Clow doesn’t anticipate any difficulty in managing a summertime spike in foot traffic. For one, the brand was able to retain 90 percent of its employees, eliminating the need to hire and train new workers. At the same time, California’s gradual progression from half capacity to 75 percent to full has allowed for a steady readjustment period so it “doesn’t feel like a tidal wave is coming,” Clow says.
Across the country, Bella Gioia chef and owner Nick Daniele isn’t necessarily expecting a tidal wave of activity, but compared to last year, it will be a significant change.
“New York City won’t be the ghost town it was last summer,” Daniele says. “People have been cooped up in their homes for a very long time. With the warm weather coming, I feel like more and more people want to get out and experience some semblance of normalcy this year.”
Specializing in Sicilian fare, Bella Gioia is located in Park Slope, a normally bustling, residential neighborhood in Brooklyn with a rich dining scene. Before the restaurant reopened for dine-in business three months ago, Daniele put key systems in place to ensure guest safety. Several of these measures, like limiting parties to four guests per table, spacing tables six feet apart, and capping visits to two hours, have the indirect, added benefit of easing Bella Gioia back into business as usual.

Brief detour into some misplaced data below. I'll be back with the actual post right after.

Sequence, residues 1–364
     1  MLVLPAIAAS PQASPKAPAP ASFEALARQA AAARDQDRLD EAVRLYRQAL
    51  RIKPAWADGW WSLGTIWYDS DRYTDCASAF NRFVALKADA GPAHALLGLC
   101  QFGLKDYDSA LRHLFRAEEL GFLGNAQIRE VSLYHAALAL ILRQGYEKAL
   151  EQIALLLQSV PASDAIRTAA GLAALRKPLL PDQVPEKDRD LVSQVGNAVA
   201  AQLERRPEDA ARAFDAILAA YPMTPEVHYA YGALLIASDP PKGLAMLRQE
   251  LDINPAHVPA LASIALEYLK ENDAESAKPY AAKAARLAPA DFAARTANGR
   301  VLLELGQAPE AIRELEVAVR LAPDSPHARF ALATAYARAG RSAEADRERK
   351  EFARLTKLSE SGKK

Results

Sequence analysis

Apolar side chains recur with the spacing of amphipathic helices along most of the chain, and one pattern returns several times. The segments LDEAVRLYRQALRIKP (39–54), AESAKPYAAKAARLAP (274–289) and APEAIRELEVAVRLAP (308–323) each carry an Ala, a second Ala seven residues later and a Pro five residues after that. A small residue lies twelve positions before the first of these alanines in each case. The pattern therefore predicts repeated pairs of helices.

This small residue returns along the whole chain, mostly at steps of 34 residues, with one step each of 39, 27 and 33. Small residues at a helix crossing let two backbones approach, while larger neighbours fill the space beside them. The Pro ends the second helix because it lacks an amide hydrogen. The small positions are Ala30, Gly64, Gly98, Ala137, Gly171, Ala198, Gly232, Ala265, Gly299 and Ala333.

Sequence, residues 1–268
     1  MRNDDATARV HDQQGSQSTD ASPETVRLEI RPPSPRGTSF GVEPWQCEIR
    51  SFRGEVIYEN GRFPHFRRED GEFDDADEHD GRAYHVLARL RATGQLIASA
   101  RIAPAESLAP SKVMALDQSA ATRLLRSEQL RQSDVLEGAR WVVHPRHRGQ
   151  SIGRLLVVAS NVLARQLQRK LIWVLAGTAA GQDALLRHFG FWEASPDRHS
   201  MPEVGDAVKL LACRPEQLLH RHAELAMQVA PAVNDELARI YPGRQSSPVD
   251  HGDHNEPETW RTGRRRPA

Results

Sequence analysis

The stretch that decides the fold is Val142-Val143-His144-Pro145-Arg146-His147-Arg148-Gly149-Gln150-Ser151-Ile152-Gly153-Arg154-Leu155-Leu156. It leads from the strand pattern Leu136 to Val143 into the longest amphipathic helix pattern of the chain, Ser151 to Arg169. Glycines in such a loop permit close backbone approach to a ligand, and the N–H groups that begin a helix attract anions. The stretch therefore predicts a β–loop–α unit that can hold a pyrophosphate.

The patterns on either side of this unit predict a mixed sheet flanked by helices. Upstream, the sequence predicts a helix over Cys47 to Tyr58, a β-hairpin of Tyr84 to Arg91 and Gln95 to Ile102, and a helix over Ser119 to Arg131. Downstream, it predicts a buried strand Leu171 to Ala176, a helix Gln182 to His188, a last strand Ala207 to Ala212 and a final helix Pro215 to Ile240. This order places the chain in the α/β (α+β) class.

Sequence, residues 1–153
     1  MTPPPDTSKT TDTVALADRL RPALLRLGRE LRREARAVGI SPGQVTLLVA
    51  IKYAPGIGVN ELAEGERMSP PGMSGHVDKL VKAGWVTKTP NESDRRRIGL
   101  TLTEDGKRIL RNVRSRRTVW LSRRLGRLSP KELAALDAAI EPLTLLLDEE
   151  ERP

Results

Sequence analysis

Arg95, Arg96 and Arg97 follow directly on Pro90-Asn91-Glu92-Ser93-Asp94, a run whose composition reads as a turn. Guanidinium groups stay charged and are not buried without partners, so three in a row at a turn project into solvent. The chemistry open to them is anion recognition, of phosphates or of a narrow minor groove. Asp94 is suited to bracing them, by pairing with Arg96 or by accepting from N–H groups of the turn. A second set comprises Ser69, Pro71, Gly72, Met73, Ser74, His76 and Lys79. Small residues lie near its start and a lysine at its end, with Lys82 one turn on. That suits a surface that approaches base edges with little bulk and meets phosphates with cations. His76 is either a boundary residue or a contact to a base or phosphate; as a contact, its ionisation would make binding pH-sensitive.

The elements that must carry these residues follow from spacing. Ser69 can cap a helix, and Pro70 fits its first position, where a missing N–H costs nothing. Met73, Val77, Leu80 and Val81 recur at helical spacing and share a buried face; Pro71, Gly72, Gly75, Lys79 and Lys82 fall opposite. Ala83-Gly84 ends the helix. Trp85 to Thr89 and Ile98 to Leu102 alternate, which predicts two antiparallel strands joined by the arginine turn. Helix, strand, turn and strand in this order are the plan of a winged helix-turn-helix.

Even in states where restrictions weren’t as austere as New York and California, restaurants are facing a readjustment period. Kitchens that had diverted their focus to carryout and delivery may find themselves overwhelmed with new dine-in orders. Customers and staff alike may be skittish as dining rooms fill up. That said, guests could end up spacing themselves out naturally.
“Prepare for more focus on customers within extended and nontraditional dayparts,” says Aaron Ruef, director and project manager at architecture, design, and brand strategy firm Nelson Worldwide. “Customer behavior is consistently shifting away from more traditional dining habits, and brands need to be flexible and proactive in response to these changes. Be ready for the unexpected by developing marketing, operational, and hospitality protocols that can respond.”
To that end, Clow urges his fellow restaurateurs to prioritize communication among managers and across the company to keep all staff members abreast of changes within the restaurants and their respective municipalities. The Winery Restaurant’s three locations hold weekly Zoom calls, during which, Clow says, his employees bring a wealth of intel from around their communities.
“They will tell you what’s going on with the traffic at the local airports, the hotels, the convention center ... so we can anticipate what’s coming our way,” he says. “Don’t just sit back and open your doors and wait for things to happen; look ahead and reach out to any applicable organization or venue that’s going to feed you with information that lets you know what’s coming down the pipeline.”